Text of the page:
Hemoglobin Metabolism

Hemoglobin is the protein in the red blood cells that binds to and carries oxygen from the lungs to the tissues of the body.  Red blood cells naturally live for about 120 days from the time they leave the bone marrow until they have lived their natural lifespan and are taken up by the reticulo-endothelial system in the liver and spleen and destroyed.  When they are destroyed the hemoglobin is released into the bloodstream.  The hemoglobin is broken down through a series of steps to unconjugated bilirubin.  This is then conjugated to sugar molecules in the liver to become what is referred to as conjugated bilirubin.

Unconjugated bilirubin is not filtered easily by the kidneys and is very slow to break down.  A second method of bilirubin conjugation is in the skin, where sunlight can facilitate the conjugation of bilirubin.  Conjugated bilirubin is easily cleared by the kidneys and excreted in the urine.

When laboratories measure bilirubin in the blood they measure total bilirubin, and also what is termed direct bilirubin.  Bilirubin that is unconjugated is not easily measured by the direct assay of bilirubin in laboratories.  To measure unconjugated bilirubin requires an extra step in the lab, and so it is referred to as indirect bilirubin.  Indirect bilirubin is another name for unconjugated bilirubin.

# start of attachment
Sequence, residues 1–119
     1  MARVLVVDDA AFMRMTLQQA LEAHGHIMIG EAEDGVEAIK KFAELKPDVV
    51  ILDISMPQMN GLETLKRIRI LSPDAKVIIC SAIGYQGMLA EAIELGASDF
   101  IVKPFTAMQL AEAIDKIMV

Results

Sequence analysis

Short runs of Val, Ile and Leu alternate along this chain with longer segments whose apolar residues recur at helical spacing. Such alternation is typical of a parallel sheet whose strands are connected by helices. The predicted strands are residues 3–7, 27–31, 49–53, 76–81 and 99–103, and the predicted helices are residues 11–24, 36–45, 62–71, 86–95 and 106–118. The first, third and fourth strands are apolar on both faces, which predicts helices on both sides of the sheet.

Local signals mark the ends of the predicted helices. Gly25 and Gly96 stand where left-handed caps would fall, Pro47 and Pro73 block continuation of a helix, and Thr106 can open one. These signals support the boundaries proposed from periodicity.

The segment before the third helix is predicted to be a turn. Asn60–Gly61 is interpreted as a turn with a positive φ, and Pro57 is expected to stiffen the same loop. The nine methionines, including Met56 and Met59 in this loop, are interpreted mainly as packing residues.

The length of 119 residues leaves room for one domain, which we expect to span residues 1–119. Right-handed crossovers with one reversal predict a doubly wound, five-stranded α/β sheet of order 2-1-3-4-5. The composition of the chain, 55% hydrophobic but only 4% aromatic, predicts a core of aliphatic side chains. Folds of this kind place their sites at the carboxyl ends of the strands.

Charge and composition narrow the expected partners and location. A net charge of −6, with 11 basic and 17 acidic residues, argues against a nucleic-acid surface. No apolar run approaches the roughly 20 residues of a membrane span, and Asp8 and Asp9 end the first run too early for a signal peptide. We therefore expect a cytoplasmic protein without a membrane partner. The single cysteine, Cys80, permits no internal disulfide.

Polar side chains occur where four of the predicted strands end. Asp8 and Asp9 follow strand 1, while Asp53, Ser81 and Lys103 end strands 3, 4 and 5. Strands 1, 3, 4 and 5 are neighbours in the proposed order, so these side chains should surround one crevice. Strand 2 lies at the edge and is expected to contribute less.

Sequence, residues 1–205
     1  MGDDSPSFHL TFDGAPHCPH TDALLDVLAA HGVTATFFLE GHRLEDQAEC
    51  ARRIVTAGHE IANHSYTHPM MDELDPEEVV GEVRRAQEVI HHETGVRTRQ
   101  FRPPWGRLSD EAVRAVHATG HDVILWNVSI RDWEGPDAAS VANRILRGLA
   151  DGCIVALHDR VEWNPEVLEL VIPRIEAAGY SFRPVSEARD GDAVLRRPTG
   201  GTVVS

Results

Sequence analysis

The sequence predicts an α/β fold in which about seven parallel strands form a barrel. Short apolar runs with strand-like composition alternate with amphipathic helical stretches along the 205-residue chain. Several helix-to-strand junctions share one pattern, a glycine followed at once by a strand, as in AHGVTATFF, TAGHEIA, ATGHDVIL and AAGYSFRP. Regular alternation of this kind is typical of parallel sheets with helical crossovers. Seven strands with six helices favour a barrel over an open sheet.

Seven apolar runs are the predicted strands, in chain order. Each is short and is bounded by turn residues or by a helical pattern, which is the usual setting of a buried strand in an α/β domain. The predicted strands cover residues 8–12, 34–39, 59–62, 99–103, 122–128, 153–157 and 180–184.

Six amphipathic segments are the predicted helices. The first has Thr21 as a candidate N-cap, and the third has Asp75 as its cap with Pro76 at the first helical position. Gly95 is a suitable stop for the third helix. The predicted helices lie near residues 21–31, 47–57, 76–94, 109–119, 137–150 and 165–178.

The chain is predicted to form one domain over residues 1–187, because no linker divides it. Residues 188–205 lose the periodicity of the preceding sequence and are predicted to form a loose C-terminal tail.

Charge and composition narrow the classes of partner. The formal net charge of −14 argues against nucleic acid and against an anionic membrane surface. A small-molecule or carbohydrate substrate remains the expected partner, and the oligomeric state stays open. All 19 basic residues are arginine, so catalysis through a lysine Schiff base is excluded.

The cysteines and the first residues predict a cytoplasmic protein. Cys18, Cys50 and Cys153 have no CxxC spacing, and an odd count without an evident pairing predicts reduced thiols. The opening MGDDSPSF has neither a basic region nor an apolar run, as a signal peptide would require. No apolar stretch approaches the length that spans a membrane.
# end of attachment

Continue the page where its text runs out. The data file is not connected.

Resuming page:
An elevated level of indirect bilirubin suggests either rapid red blood cell hemolysis or liver disease or dysfunction such that the hemoglobin from red blood cells that are broken down cannot be conjugated as fast as hemoglobin is metabolized into indirect bilifubin.  The most common time we see an elevated indirect bilirubin level is in neonatal jaundice.  In this case the normal rapid breakdown of red blood cells shortly after birth in infants leads to an overload of the immature liver and the unconjugated bilirubin accumulates.  Most babies become at least slightly jaundiced in their first few days of live in this normal phenomenon.  There are usually no jaundice symptoms of this physiologic phenomenon, but if the bilirubin levels get really high serious consequences can devevlop, so if your baby becomes jaundiced you should have this checked by your physician.